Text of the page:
Sen. Sanders: No Budget Without Tax Increase on Wealthy

Jun 7, 2011 3:45pm

ABC News’ Rick Klein (@rickklein) reports:

Republicans have seized upon Senate Democrats’ failure to produce a budget as evidence that they’re not serious about addressing the nation’s fiscal problems – and instead are focused primarily on attacking Republicans.

On ABC’s “Top Line” today, Sen. Bernie Sanders outlined a major stumbling block for Democrats in agreeing on a spending plan: He and other liberals in the Democratic caucus are refusing to sign off on a budget that doesn’t include new taxes on upper-income earners.

“What we are fighting for — and I'm a member of the Budget Committee — is the concept of shared sacrifice,” said Sanders, I-Vt. “No, you don't balance the budget on the backs of the sick and the elderly and the poor and the vulnerable. You do ask the wealthiest people in this country and the large corporations — many of whom are making huge profits and paying nothing in taxes — that they've got to contribute to deficit reduction as well.”

Sanders declined to comment specifically on why Senate Budget Chairman Kent Conrad, D-N.D., has indicated that Democrats won’t produce a budget in the near future. Reports have indicated that squabbles among the Democrats – with Sanders demanding more tax revenue, and moderates refusing to sign off any such plan – effectively deadlocked the committee.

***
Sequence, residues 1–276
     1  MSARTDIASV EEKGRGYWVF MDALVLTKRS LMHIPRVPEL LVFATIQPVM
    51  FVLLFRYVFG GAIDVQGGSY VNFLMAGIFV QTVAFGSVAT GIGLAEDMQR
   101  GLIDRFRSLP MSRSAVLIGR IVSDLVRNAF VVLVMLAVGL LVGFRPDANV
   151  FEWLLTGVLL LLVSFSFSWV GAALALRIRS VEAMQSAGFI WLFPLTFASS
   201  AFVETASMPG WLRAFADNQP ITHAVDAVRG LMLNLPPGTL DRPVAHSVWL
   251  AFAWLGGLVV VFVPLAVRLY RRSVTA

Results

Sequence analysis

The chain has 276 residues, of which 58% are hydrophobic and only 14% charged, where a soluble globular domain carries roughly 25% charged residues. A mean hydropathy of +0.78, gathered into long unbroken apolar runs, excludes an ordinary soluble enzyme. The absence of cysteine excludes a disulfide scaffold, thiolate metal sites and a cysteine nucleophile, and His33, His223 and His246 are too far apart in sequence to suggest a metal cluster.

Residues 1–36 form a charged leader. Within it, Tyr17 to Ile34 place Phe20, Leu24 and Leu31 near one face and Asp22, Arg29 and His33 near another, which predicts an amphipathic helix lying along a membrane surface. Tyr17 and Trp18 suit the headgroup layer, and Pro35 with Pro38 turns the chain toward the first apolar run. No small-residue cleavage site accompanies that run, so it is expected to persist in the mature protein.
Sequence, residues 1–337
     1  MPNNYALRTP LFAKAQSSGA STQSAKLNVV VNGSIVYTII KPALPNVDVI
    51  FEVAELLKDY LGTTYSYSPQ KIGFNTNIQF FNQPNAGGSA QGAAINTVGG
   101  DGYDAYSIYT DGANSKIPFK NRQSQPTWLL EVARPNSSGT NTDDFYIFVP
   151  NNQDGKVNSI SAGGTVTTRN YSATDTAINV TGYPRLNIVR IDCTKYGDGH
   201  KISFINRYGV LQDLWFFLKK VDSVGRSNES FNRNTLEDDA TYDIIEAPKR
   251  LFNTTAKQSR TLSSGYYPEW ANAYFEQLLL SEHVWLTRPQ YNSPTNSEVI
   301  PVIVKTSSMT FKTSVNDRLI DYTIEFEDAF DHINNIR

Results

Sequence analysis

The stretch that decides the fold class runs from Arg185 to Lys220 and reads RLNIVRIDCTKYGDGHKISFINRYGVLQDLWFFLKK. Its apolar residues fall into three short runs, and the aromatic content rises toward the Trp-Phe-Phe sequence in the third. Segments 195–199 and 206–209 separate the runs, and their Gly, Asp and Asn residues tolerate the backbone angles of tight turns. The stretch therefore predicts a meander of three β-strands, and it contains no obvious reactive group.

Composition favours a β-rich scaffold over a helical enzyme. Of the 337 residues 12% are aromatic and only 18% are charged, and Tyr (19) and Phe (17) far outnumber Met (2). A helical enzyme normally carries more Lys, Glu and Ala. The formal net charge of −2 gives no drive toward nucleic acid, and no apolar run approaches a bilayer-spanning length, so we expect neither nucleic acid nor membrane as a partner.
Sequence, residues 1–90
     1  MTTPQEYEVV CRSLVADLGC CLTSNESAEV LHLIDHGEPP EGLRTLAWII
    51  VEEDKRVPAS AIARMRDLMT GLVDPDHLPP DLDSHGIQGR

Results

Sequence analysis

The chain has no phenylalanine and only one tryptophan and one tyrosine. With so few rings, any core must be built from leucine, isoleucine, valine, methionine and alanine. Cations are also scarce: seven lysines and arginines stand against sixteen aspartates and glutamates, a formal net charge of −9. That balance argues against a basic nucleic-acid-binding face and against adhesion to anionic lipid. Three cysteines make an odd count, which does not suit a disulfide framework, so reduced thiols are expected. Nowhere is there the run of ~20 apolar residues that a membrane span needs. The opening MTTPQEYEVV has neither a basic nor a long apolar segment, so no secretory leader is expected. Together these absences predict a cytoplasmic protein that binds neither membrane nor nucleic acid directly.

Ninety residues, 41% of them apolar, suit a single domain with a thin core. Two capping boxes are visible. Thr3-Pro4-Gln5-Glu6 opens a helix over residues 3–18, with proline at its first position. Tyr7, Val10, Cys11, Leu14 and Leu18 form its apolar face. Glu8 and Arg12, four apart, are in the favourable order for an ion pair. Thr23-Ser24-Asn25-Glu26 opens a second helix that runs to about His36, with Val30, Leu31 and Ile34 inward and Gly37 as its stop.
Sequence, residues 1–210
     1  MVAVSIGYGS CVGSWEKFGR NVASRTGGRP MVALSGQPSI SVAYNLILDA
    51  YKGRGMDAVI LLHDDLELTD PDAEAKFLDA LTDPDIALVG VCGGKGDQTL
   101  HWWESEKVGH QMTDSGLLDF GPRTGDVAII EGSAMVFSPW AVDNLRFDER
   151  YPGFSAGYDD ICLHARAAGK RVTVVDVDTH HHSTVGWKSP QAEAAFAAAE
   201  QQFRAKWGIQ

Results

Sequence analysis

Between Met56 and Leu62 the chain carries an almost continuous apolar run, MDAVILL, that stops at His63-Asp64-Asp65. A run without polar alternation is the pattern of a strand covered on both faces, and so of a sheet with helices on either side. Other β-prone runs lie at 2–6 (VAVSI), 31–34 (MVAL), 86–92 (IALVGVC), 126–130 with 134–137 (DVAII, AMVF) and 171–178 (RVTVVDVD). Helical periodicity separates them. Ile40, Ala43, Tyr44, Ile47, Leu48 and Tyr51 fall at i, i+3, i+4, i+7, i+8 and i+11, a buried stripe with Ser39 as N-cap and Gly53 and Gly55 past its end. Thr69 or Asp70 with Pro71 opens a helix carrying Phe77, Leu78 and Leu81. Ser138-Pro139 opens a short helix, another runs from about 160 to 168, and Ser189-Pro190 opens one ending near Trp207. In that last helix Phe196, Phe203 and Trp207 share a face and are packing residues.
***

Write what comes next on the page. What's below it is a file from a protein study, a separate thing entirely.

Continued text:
“I have told Chairman Conrad, who has done a very good job, he has worked very hard on this, that I will not be supporting a budget that comes down on the backs of the middle class of working families. Yes, I believe and I will not support a budget that does not ask the wealthiest people in this country to pay their fair share of taxes, and does away with the huge loopholes that currently exist for corporations,” Sanders said.

The Republican budget, Sanders said, is “really laughable” with its push to preserve and extend tax cuts for the wealthy even while making deep cuts to Medicare, education, and environmental programs.

Sanders also urged President Obama to use an economic message that reflects the reality of a public that’s hurting: “Most Americans know is that the middle class is collapsing, has been collapsing for several decades now. …  We can't forget about the very high unemployment, and we've got to create millions of good paying jobs.”

And Sanders called for the wars in both Afghanistan and Iraq to be wound down this year.

“We are spending, or it's estimated we'll spend, about $100 billion in Afghanistan alone. This is our 10th year in that war. I think it is fair to say that now is the time to accelerate our troop departure,” he said. “I would rather invest in this country than in Iraq and Afghanistan. So I don't think you can leave tomorrow — either in Afghanistan or in Iraq — but I think we have to accelerate the departure of our troops, who in both countries have done an extraordinarily good job.”

Watch the full interview with Sen. Bernie Sanders HERE.

We also chatted about the latest on the scandal involved Rep. Anthony Weiner, D-N.Y., with Politico’s Jonathan Martin, who pointed out that recent history suggests that Weiner can hang on to his seat for at least a little while.

Watch the discussion with Jonathan Martin HERE.

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